NBA teams are allowed two two-way players on their roster at any time, in addition to the 15-man, regular-season roster.

More AP NBA: https://apnews.com/tag/NBAbasketball

LeBron James reportedly so frustrated with Kyrie Irving he is “tempted to beat his ass”

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Anyone else getting weary of the spin wars between the Kyrie Irving and LeBron James camps?

Irving thinks LeBron and his camp leaked the trade report and are trying to drag his good name through the mud. LeBron  — the man who led the way in teaching other players they should take control of their destiny and where they play — is angry that a player took control of his how destiny and is about to leave him high and dry. Right now both sides are trying to control the story — does Irving really envy Damian Lillard and John Wall‘s roles over his own, or is that spin? —  while fans come up with trade proposals. (No, a Kyrie for Carmelo Anthony trade is not happening.)

About the only thing that is clear is that this relationship is beyond repair. As evidence, we bring you the latest bit of spin, this from Stephen A. Smith’s “sources” as he spelled out on his radio show, (those sources are almost certainly are in the LeBron camp).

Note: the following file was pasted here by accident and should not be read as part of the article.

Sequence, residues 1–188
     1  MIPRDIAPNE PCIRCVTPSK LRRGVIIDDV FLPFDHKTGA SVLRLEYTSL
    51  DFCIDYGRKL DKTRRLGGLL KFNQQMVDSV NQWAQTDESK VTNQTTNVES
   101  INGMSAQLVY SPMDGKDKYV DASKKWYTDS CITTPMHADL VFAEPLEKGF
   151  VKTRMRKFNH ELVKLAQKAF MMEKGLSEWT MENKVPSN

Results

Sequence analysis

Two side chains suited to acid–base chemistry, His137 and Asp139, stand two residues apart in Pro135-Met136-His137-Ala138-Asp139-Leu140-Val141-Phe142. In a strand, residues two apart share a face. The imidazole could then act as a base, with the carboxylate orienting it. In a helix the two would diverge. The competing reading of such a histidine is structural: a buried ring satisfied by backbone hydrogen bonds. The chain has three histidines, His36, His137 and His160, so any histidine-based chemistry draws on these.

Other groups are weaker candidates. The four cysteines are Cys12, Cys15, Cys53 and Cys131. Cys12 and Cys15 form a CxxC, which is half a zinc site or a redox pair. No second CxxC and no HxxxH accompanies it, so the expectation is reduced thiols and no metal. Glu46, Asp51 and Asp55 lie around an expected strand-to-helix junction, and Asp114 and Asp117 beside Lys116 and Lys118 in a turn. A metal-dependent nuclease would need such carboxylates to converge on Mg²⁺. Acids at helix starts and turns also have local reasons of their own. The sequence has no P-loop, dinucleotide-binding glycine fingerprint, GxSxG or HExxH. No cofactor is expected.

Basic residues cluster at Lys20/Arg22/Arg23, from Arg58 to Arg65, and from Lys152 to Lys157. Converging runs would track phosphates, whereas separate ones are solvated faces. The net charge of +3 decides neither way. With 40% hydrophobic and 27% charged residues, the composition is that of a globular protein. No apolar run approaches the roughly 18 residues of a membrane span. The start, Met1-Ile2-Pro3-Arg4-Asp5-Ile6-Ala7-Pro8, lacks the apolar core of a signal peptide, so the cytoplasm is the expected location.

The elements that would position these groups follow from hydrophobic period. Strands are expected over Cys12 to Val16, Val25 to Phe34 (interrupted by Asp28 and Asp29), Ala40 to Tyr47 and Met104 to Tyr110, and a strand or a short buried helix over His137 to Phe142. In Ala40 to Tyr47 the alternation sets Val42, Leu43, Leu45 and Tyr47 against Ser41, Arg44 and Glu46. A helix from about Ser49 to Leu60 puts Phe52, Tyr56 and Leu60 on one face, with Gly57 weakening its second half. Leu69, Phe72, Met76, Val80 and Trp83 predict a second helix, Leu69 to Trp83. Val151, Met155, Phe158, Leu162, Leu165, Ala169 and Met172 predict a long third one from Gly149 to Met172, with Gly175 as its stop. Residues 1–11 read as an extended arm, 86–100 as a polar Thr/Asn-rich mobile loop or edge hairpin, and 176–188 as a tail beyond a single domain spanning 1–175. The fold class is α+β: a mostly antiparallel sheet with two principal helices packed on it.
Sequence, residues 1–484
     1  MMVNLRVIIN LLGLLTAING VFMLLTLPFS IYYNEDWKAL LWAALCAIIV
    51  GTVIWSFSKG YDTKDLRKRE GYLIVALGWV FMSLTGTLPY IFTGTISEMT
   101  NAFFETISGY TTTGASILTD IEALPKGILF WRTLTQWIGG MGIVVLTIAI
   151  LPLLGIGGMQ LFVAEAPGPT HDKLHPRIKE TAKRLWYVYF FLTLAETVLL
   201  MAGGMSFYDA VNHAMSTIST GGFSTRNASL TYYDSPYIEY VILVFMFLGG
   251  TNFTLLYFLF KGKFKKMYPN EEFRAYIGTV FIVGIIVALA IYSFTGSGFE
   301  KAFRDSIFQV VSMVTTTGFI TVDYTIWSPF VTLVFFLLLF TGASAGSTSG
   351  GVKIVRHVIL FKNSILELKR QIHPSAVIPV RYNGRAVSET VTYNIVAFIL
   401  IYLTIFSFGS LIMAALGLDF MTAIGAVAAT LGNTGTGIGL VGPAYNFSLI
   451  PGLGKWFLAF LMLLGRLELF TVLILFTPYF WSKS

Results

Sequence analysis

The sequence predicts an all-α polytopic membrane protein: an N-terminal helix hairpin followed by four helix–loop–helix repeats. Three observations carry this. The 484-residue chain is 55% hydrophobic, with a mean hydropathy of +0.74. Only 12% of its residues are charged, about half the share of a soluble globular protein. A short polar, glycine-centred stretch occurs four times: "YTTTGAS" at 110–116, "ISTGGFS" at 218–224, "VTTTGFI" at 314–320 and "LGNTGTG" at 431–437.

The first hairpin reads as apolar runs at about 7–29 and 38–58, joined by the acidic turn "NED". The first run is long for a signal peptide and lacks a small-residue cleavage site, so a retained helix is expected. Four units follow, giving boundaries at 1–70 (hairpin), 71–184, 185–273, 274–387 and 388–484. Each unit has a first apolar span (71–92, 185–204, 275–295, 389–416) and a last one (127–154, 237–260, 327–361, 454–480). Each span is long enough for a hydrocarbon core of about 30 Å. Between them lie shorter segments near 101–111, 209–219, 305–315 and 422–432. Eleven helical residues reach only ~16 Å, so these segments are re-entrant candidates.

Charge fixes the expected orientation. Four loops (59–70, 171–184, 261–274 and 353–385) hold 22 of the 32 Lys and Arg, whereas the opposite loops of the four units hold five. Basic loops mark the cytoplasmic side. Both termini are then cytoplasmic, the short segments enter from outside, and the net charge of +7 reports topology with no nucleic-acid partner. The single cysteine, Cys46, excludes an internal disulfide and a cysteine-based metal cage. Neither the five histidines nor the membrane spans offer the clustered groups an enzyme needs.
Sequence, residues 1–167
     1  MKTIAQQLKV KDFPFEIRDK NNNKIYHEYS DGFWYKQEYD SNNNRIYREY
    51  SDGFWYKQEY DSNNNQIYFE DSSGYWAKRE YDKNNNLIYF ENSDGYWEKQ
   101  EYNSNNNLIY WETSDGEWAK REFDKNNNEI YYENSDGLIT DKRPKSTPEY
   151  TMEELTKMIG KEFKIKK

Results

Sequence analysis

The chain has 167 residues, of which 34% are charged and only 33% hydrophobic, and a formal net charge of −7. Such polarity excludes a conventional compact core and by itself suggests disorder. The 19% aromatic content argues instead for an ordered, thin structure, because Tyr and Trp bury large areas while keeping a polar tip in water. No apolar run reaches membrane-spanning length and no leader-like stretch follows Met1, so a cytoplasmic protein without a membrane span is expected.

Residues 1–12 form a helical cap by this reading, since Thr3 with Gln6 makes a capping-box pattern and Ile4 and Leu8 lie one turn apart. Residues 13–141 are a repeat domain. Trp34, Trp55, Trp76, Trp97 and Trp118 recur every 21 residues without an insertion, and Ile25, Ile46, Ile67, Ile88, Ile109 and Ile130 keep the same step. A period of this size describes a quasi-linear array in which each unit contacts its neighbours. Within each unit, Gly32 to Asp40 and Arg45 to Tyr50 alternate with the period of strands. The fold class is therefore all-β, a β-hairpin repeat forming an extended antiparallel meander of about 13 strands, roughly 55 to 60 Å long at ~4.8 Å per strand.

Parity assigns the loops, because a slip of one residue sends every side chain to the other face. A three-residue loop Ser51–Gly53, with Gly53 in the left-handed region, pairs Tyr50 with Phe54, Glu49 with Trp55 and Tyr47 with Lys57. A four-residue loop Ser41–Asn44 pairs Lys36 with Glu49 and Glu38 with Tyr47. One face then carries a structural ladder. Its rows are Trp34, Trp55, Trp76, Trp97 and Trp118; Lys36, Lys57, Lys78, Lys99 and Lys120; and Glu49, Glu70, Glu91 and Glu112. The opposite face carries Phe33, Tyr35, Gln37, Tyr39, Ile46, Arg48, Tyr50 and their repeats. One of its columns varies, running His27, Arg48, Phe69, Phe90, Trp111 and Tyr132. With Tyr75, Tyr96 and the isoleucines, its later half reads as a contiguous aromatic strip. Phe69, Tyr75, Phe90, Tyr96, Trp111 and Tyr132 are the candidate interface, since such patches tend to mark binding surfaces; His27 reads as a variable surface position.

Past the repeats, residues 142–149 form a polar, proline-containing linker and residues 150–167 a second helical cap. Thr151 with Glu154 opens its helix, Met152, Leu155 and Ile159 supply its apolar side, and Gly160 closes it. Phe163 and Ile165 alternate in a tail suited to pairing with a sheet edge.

The full quote was: “If Kyrie Irving was in front of LeBron James right now, LeBron James would be tempted to beat his ass.”

I imagine if they were face-to-face right now it would look like every other NBA “fight” — they would push each other then make sure other guys jumped between them and held them apart so they could jaw but not actually have to throw a punch.

And yes, I know it’s Smith and we should take what he says with a full box of Morton’s Kosher Salt, but he illustrates a point:

Right now, the fight between Kyrie and LeBron is the sides trying to control the narrative.

No doubt LeBron is frustrated, he is in the legacy building part of his career and the Cavaliers were the consensus best team in the East with a shot at a ring next season. No Kyrie — almost no matter who Cleveland gets back in a trade — means the Cavs take a step back (while the Warriors and every other team in contention got better).  LeBron feels hurt and a little betrayed and is spinning that.

Irving is within his rights to ask out. There are certainly a variety of reasons he wants out, but at the top of the list is he wanted to control his own destiny before LeBron left next summer (probably) and Kyrie was left as the star on a team built to go around LeBron. Not that Cleveland did anything wrong, that is exactly the kind of team the Cavaliers should have built, LeBron will go down as an All-Time top 5 player, and this team brought Cleveland its first ring in 54 years. That doesn’t mean Irving can’t read the writing on the wall and want out.

For now, the drama will not stop between these two — nor will the spinning.

Timberwolves put out “0 for 30” video featuring Dave Chappelle missing a lot of jumpers